After continuing to walk downward, I started to get suspicious. This was a massively delayed reaction given that not a single marker had matched up with our surroundings. The humidity was clearly making its way into my brain. “This isn’t right. We need to stop and figure out where we’re going.”
We were both overheated and hungry at this point. I do a good job of keeping my Satanic side repressed most of the time, but burgeoning hunger is absolutely the time to make people I hold dear howl for their mothers. As I fought valiantly to stay relaxed and upbeat, Jake got snarky. “Of course it’s down here. It has to be down the hill. Where else is it going to be?”
The answer, of course? Up the hill. Way up the hill.
After more downhill walking and getting a helpful pharmacist’s input, it was made clear to us that we had walked almost half an hour down a steep hill with our bags at literally the peak of the sun. It was also made clear that we were going to have to walk all the way back.
Inclines are one of my least favourite things, on a par with fennel and people expecting me to not leave my wet towel on the floor. I was not thrilled. But then I remembered all the times I’ve been stubborn or misguided and it’s resulted in extra effort for us – most recently, when I didn’t know the name of our hotel on Praslin and we had to walk around, in the beating sun, with our bags, trying to find a building that matched the picture. BUT THE GROUND WAS FLAT – and decided to quietly start walking up the hill and force myself to not be irritated. I drew on every random Zen teaching I’ve picked up from my dad and just focused on each, arduous step that I was unnecessarily taking because someone-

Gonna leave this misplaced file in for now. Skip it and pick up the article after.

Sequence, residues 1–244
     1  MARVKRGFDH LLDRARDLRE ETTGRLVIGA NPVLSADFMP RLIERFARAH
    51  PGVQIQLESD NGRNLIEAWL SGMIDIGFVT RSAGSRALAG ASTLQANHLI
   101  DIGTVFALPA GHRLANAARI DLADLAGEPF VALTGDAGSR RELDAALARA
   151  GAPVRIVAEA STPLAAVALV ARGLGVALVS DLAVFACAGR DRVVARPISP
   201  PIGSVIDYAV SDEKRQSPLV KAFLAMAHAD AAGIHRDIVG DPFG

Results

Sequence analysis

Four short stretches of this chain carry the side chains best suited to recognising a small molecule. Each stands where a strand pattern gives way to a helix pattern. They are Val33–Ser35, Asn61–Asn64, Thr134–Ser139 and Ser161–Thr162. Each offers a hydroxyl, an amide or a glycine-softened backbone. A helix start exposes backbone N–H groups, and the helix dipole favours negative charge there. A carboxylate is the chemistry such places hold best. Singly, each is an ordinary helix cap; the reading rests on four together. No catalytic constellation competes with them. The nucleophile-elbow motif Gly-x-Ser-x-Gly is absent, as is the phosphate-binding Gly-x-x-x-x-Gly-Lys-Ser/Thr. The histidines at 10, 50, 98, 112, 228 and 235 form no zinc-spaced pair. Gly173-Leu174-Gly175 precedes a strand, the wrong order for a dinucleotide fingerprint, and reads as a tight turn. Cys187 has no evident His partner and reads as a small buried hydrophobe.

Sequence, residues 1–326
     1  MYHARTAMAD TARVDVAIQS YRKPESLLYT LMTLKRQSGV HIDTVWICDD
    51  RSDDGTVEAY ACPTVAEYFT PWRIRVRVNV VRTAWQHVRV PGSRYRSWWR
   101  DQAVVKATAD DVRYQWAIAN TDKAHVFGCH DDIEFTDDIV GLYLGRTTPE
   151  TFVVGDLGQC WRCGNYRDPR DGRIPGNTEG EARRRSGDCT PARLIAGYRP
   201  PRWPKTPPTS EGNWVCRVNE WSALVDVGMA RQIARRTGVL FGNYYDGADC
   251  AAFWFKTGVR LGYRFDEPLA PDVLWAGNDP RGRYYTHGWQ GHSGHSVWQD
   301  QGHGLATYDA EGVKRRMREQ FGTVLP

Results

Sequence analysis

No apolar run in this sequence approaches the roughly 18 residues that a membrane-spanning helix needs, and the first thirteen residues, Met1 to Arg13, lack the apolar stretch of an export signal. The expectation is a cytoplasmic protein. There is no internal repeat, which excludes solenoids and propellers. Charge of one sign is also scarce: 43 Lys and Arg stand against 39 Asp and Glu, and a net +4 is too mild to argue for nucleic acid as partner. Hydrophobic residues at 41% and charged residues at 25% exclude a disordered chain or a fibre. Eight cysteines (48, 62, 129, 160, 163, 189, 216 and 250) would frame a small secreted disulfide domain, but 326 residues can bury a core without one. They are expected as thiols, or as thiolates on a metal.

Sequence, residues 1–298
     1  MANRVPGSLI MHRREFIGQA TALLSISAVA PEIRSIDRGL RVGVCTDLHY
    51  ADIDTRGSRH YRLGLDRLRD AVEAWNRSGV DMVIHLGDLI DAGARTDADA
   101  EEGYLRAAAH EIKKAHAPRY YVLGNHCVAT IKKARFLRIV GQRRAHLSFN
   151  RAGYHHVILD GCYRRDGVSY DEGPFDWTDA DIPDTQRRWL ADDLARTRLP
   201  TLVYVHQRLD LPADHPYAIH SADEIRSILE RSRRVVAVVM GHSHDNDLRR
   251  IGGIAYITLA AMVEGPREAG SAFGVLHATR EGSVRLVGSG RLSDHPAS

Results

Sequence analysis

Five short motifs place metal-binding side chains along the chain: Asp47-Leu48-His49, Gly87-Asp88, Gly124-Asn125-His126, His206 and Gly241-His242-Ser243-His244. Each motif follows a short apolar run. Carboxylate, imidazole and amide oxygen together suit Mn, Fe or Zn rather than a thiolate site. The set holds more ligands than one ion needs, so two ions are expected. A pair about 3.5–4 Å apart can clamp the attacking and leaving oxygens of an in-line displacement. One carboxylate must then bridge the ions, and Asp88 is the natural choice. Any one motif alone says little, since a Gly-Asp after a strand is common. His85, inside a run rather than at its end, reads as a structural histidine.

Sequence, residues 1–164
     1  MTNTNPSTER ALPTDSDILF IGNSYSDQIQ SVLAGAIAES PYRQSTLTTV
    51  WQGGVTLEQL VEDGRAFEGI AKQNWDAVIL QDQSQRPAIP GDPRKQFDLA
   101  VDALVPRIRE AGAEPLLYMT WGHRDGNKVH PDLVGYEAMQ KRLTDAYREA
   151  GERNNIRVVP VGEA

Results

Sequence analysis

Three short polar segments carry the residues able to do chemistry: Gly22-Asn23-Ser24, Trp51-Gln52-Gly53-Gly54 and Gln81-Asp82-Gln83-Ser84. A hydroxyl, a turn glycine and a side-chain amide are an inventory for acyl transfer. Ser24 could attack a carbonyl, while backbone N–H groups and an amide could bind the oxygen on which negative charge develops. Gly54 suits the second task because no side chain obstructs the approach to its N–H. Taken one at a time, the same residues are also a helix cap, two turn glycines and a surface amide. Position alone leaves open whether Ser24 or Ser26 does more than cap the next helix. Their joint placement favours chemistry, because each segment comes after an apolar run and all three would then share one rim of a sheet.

ZEN. ZEN. I am being Zen.
It took twenty minutes of trudging uphill in a hot, irritable silence but we eventually returned to battling our common enemy together: the climb designed to render your kidneys non-functional because all moisture has been excreted through your skin before it could even flirt with the idea of reaching your urinary system.
It was many more humid minutes before we reached the apartment, including a lengthy stop lying in the shade by the side of the road. “Go on without me,” I think I said. “Or find a taxi if you really can’t bear to part with me.” This idea was only semi-scoffed at, but since we were off the main road at this point and truly getting close, we had no choice but to continue on foot.
As soon as we got inside, we put the air-con up to full blast until it felt like we were staying in a fridge and collapsed on the bed. We didn’t move or speak for half an hour.
This was our introduction to Mahé. Lost, sweaty and charging up and down a hill while the locals shouted encouragement. We eventually felt ready to shower, drink litres of water and head back out, down the offending hill, toward the beach. But for now, we lay on the bed in silence, before starting to make pig noses at each other. It’s the little things that get you through.